This Map Shows Where America's Hate Groups Live and Operate

December 10th 2015

In 2015, we've seen stories of historically Black churches torched by white supremacists, Muslims beaten by anti-Islamic individuals, and politically motivated mass shootings. These attacks have taken place in the U.S., a country that prides itself on its inclusiveness and cultural diversity, yet hate groups still exist, stoking fears that sometimes inspire violence.

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There are currently 784 hate groups operating in America — down from 939 groups in 2013, according to the Southern Poverty Law Center. SPLC defines hate groups as any organization that has "beliefs or practices that attack or malign an entire class of people, typically for their immutable characteristics."

This map shows where hate groups operate in the U.S.

hate groupsSouthern Poverty Law Center - splcenter.org

(This is an interactive map, and you can filter for specific hate groups and learn more about the individual chapters here).

The two largest hate groups in the U.S. are Neo-Nazis (142 groups) and the Ku Klux Klan (72 groups), and their activities include everything from holding rallies to leafleting. Recently, the KKK has been accused of passing out recruitment fliers in Alabama, calling for new members to join them and "fight the spread of Islam in our country."

Here's where the KKK operates in the U.S.

KKK groupsSouthern Poverty Law Center - splcenter.org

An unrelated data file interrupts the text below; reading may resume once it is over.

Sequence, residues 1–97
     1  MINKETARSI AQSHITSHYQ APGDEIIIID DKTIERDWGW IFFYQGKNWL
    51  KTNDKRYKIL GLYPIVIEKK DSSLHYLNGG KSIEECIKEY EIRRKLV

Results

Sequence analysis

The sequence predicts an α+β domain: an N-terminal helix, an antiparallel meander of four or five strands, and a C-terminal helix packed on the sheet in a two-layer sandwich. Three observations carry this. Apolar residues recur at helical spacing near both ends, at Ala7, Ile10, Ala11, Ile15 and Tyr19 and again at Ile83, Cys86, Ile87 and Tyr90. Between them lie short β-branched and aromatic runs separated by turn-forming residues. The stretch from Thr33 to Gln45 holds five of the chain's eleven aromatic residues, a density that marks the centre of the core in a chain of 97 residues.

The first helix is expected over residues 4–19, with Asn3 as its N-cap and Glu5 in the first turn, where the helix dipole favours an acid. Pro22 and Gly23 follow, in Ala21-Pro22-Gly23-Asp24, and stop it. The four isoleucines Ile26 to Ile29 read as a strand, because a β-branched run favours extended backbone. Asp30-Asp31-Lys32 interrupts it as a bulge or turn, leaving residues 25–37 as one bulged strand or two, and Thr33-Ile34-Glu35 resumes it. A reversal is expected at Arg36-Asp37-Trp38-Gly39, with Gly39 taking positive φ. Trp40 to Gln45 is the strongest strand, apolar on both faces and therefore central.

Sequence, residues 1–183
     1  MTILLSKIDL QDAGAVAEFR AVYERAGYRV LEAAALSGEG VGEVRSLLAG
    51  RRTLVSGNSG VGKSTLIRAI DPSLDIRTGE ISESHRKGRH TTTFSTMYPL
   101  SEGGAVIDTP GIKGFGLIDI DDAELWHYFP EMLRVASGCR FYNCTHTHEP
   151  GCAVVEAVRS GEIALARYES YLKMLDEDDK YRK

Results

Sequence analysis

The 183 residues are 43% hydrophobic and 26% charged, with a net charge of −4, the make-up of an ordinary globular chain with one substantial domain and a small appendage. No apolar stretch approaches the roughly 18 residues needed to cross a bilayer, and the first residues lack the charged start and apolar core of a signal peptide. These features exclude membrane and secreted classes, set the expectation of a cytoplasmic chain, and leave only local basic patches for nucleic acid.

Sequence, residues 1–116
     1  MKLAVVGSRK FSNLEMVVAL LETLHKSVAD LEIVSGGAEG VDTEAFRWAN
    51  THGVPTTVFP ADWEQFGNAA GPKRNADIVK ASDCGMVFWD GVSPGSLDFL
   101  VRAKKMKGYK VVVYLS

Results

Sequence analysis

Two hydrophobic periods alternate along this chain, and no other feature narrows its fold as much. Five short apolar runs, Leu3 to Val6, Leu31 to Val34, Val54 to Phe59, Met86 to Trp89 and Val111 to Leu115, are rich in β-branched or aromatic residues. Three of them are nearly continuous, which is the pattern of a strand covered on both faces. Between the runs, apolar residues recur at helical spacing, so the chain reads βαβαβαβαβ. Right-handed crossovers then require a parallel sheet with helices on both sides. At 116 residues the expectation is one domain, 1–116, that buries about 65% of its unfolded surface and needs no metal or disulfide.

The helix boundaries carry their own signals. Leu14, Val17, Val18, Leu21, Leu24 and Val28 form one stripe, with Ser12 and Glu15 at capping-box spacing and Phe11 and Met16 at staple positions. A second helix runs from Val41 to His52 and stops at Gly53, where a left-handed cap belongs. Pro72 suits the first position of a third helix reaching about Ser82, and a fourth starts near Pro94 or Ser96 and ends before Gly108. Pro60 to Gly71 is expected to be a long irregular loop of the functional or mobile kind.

Mark Potok, the author of the SPLC hate group report says that the number of hate groups per state generally correlates with the state's population, which is why California, the most populous state, has the most hate groups (57). But Potok adds that there are regional factors to consider.

"Another thing to consider when analyzing this data is that certain hate groups reside in particular areas," Potok told Business Insider. "The Klan will almost always be in rural areas whereas, the Black Separatists are mostly in the cities."

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In the aftermath of the terror attack in San Bernardino, California, that left 14 people dead this month, anti-Islamic violence has become a growing concern. While President Barack Obama has urged Americans to understand that Islamic extremists do not represent the Muslim population as a whole, some politicians have continued to group the two together, perpetuating cycles of xenophobia in the country.

And hate groups like the KKK have taken notice, using Republican presidential candidate Donald Trump's anti-Islamic messages as a talking point for outreach efforts. "As hate group monitors at the Southern Poverty Law Center and the Anti-Defamation League warn that Trump’s rhetoric is conducive to anti-Muslim violence, white nationalist leaders are capitalizing on his candidacy to invigorate and expand their movement," Politico reports.

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